Martha Stark, MD
- Speak to the paradoxical impact of stress on the living system
- Explain the relationship between “challenge” and “defensive reaction” on the one hand and “support” and “adaptive response” on the other
- Elaborate upon several treatment options that “lighten the load” (to correct for toxicities) and “replenish the reserves” (to correct for deficiencies)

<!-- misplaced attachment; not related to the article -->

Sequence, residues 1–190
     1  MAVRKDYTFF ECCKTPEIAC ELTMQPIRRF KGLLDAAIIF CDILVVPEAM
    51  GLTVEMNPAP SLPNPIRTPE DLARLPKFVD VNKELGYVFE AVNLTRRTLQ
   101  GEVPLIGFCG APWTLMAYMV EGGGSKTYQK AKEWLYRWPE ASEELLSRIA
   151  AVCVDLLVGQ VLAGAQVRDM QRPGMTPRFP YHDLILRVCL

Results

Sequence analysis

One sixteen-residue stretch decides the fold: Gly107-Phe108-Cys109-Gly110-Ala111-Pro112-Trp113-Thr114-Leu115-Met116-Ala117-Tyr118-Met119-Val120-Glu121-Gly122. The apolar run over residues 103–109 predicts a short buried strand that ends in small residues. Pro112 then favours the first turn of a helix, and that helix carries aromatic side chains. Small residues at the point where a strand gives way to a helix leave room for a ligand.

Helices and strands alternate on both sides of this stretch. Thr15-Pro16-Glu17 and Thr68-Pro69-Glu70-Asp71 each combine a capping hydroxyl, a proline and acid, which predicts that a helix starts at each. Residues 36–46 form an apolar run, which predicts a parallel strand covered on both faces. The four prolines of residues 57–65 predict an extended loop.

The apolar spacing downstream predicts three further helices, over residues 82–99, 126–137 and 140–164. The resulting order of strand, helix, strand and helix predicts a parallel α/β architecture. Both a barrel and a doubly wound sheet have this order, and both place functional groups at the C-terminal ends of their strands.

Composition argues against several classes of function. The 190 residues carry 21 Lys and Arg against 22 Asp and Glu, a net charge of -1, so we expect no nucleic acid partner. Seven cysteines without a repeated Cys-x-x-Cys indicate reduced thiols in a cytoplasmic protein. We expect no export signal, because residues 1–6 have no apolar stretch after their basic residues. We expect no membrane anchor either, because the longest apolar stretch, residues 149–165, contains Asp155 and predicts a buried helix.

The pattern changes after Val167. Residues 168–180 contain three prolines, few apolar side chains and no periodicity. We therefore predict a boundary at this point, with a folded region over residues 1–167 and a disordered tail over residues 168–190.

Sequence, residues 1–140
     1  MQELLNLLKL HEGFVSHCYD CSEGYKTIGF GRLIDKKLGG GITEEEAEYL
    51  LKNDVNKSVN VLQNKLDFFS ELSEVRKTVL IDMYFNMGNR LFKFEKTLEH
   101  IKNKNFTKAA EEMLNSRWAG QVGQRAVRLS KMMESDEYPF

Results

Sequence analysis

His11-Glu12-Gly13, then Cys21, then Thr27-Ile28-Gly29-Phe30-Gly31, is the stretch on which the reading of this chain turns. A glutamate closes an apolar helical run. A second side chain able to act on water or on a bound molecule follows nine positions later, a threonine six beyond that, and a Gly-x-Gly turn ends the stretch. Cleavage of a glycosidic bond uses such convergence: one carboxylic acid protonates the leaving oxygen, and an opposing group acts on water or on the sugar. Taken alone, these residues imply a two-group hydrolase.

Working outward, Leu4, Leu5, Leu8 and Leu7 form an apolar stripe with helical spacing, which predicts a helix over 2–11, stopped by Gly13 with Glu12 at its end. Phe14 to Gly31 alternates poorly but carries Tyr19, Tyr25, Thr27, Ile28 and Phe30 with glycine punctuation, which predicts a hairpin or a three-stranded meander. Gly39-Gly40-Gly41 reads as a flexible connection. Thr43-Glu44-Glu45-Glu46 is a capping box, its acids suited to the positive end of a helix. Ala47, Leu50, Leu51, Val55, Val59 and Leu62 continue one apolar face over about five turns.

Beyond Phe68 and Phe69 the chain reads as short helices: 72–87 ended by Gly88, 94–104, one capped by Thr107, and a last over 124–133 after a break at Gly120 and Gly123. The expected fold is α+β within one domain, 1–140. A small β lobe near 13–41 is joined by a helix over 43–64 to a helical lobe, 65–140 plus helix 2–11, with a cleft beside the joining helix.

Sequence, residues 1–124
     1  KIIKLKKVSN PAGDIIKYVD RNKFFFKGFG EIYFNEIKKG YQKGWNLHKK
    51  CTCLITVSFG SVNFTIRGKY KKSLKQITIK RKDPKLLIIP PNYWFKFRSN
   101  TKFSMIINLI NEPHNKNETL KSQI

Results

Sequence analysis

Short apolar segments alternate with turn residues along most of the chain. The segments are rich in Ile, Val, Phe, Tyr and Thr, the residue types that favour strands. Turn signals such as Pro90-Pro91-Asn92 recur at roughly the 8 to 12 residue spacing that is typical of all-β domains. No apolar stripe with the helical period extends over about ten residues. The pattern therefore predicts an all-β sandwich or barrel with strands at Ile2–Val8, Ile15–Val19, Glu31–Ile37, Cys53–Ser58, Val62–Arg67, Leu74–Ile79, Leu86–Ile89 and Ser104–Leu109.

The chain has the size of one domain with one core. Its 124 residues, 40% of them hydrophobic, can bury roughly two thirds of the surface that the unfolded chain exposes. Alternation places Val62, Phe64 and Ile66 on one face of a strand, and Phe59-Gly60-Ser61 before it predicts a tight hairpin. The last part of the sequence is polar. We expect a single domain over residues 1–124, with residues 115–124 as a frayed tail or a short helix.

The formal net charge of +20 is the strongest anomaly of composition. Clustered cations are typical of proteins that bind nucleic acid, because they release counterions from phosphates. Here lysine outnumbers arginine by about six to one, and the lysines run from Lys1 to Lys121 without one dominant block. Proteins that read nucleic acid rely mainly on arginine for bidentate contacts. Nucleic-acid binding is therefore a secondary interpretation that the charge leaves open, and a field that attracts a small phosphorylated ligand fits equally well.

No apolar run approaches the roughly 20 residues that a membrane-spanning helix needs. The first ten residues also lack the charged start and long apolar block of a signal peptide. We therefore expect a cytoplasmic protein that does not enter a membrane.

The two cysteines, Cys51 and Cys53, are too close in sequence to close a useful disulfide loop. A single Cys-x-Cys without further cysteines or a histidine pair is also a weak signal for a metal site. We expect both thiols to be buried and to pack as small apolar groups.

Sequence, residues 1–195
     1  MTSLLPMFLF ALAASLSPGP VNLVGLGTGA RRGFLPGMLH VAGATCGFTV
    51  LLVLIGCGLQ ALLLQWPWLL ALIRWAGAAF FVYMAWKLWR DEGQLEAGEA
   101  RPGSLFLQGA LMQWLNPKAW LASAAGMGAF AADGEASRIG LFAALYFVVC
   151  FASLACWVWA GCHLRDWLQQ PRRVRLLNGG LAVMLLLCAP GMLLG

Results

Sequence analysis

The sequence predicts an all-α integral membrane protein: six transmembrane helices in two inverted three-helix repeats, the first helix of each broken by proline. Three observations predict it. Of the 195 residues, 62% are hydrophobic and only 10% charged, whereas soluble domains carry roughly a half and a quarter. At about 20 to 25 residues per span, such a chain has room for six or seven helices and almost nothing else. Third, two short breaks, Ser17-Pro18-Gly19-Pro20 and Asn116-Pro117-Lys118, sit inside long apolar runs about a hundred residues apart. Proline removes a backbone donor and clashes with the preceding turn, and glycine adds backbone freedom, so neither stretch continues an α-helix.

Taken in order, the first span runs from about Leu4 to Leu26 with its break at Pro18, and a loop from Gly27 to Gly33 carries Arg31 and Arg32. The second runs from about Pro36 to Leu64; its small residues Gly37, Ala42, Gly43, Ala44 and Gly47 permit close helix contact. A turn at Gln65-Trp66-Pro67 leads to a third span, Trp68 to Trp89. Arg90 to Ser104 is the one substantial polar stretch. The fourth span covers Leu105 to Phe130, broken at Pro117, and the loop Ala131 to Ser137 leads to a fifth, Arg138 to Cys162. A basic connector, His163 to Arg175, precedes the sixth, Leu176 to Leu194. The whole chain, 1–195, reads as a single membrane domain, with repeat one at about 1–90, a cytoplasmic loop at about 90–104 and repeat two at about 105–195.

Synopsis: Long intrigued by the idea that superimposing an acute injury on top of a chronic one is often exactly what the body needs in order to heal, I have come to appreciate that, so too with respect to the mind, the therapeutic provision of “optimal stress” – against the backdrop of an empathically attuned and authentically engaged therapy relationship – is sometimes the magic ingredient needed to overcome the inherent resistance to change so frequently manifested by patients with longstanding emotional injuries and scars. Behind this “no pain / no gain” approach is my firm belief in the underlying resilience that patients will inevitably discover within themselves once they are prompted to tap into their inborn ability to self-correct in the face of optimal stress – an innate capacity that will enable them ultimately to advance from cursing the darkness (a less-evolved defensive reaction) to lighting a candle (a more-evolved adaptive response).